5 January 2022

Our German language classes

German language classes at Sheffield range from beginners to specialists. One on our language tutors, Franziska Auer from Austria, offers a taste of her activities and argues that 'play' is a crucial part of language learning.

Group of students in a cafe setting for the German Coffee mornings

"At Sheffield we want to make language learning effective and fun for all our students no matter what level of German they are at. For example, everybody is invited to join us for our German Coffee Breaks, a great way to practise your spoken German in a relaxed setting. For advanced students we offer our Presenting and Debating module in which you develop your public speaking in German. Whatever we do, we believe that play, acting, and imitation is crucial to language learning. Here is a taste of our activities. 

German Coffee Break

Our German Kaffee sessions were such a success this autumn semester! We loved to see so many students come and join us for our weekly meetups in which we discussed anything under the sun from cute puppies to favourite bands. While this is the perfect time to practise German, it is also a great opportunity to find new friends. Many friendships have formed over the years, also with international students from Germany and Austria.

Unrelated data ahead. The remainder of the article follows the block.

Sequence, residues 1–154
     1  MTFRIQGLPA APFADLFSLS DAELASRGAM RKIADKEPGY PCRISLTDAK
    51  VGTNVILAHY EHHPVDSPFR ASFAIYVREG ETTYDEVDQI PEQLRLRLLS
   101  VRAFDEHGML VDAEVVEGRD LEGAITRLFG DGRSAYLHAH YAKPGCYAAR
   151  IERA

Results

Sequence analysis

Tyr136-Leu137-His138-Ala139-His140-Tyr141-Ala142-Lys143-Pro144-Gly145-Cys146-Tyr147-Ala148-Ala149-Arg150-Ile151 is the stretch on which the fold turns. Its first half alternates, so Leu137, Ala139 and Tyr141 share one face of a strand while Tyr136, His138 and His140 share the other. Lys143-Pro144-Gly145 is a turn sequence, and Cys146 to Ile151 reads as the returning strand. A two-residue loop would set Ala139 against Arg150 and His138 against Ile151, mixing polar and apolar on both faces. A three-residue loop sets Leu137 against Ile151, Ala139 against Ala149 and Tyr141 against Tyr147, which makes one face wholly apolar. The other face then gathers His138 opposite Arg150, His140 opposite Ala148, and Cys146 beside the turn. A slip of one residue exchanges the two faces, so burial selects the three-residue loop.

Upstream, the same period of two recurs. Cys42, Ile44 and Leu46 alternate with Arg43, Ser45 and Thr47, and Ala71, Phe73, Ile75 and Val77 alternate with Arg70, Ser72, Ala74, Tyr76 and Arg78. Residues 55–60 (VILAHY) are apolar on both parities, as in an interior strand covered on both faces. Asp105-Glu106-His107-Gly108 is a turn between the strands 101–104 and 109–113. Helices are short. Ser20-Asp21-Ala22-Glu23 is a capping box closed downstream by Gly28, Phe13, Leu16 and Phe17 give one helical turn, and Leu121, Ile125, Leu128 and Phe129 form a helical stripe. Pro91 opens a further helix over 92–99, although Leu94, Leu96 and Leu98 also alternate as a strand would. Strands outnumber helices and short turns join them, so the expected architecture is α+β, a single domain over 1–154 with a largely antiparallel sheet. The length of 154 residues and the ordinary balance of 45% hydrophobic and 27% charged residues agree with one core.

Follow us on instagram for upcoming dates!

Homo ludens

In our language classes we regularly incorporate languages games because we know that play is a crucial aid in the learning process. Games lower the stakes and allow us to rise above inhibitions that may hold us back from speaking German. Language games encourage the creative and spontaneous use of language, and, perhaps most importantly, it is incredibly good fun!

Three students playing a language games with a dice

 

Analyse and imitate

In our specialist Presenting and Debating course, we focus on public speaking in German. We work on the principle: watch, analyse, and practise. This semester we worked mainly on speech analysis: we watched German and Austrian speakers and looked at how they 'do it'. This is a great way to unpick the language of our speakers but also to unpick their performance: how they use their voice and their body? What do they do with their hands? How do they use the space? How do they deal with their notes?

Again, we focus on the play element because the next step is doing it ourselves. We found that some tricks really work well, while others seem less helpful. 

Our favourite tips are:

  1. Hold your hands at about belly button height.
  2. Try to have your feet about hip wide.
  3. Do not cross over your legs.
  4. If you do not know what to do with your hands, hold a pen.
  5. Use a thick paper / index card for your notes.

What did not really work for us:

  1. Using a single sheet of paper (too flimsy).
  2. Writing down full sentences instead of bullet points (this will keep you reading everything off).
  3. Being too spontaneous. Preparation is essential, especially in a foreign language.

For now, keep playing with your language and keep an eye out for more from us next semester!"

Franziska Auer

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